I prefer romantic gossip to intellectual and so, since you give me free rein, I imagine my letters will end up in-folio. Yours came at just the right moment; I was going to write to you, to get in first, and let you know exactly what you’re like: you’re nice to people for a week, you flirt with the idea of being friends—but on my side, since I take friendship the most seriously of all things in my life, I worried about your silence and it hurt. I said to myself, one is supposed to love one’s friends with all their faults. Monsieur de Richelieu is flighty and fickle—I’ll have to love him as he is. At heart I was conscious that I was by no means satisfied with this bargain … I still grieved over renouncing the beautiful chimera of having you as a friend. You, whom everyone else thinks made for flirtation, you, whom I would never have taken it into my head to love—but whose friendship I can no longer do without …
I leave [for Cirey] in four days, so I’m writing to you from the muddle of my departure. My thoughts are heavy but my heart is awash with joy. I hope this decision will persuade Voltaire that I love him, which puts everything else out of my mind. All I can see before me is the supreme happiness of wiping away his fears and spending my life with him. You’re mistaken … there’s a great difference between jealousy and the fear of not being loved enough. You can defend yourself against the first as long as there’s no foundation for it, but you can’t help being pricked and wounded by the second. The first is a troublesome feeling, while the second is an insidious anxiety, and there are fewer weapons and remedies to counter it—except mine, which is to go and be happy at Cirey. Behold, in all earnestness, the metaphysics of love: now you see where excess of passion leads me.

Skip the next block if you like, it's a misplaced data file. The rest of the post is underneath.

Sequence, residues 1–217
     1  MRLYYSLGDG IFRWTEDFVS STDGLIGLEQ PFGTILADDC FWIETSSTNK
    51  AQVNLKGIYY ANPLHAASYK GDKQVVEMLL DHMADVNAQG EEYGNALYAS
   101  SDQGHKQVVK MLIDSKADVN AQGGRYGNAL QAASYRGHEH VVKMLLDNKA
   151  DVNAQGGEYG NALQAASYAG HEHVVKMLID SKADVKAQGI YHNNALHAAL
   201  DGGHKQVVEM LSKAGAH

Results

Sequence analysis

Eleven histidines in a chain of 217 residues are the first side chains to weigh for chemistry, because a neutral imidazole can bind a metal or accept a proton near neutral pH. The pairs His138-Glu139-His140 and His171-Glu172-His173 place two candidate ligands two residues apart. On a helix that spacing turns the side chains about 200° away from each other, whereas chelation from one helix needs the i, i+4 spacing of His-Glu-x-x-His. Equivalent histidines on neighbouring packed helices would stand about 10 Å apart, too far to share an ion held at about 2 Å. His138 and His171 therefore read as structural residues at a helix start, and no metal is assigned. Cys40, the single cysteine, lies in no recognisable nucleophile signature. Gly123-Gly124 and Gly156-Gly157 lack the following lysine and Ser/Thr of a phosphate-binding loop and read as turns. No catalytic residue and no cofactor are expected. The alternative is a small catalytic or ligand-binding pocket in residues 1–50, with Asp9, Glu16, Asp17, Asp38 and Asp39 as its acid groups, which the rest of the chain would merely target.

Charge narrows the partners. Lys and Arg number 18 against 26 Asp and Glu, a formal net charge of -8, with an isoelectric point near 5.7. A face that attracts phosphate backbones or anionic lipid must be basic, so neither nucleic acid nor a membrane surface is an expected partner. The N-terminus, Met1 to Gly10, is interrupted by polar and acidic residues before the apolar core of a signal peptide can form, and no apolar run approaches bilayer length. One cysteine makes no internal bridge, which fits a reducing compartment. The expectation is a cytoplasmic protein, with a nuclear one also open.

VOLTAIRE ON TRENDINESS IN THE ARTS AND SCIENCES--there shouldn't be any!
Truly my dear friend I haven’t thanked you enough for the lovely group of poems that you sent me. I’ve just reread it with fresh pleasure. How I love the naivety of the pictures you paint! How happy and rich your imagination is! And what gives such inexpressible charm to it all is that everything comes from the heart. You’re always inspired by either love or friendship …
I lead a dissipated life in Paris and all poetic ideas have fled. Business and duties crush my imagination. I should pay you a visit in Rouen to revive me. Verse is no longer fashionable in Paris. Everyone’s started playing geometers or physicists. People are toying with reason. Sentiment, imagination and the graceful arts are banished. Any man who’d lived under Louis XIV and happened upon today’s society would not recognise the French: he’d think the Germans had taken over the country. Everywhere you look, literature is in decline. It’s not that I mind natural philosophy being cultivated, but I wouldn’t like it to become so tyrannical as to exclude all the rest. In France, it’s simply a fashion that’s replaced preceding ones and will be superseded in its turn. But no art, no science, should ever be in fashion. They must all go hand in hand, and be cultivated all the time. I’ve no desire to pay homage to fashion; I want to be able to go from a physics experiment to an opera or a play, and never allow my taste to be blunted by study. Your taste, my dear Cideville, will always underpin mine, but we ought to see each other; I need to spend a few months with you, but destiny separates us just when everything ought to bring us together … Vale. V.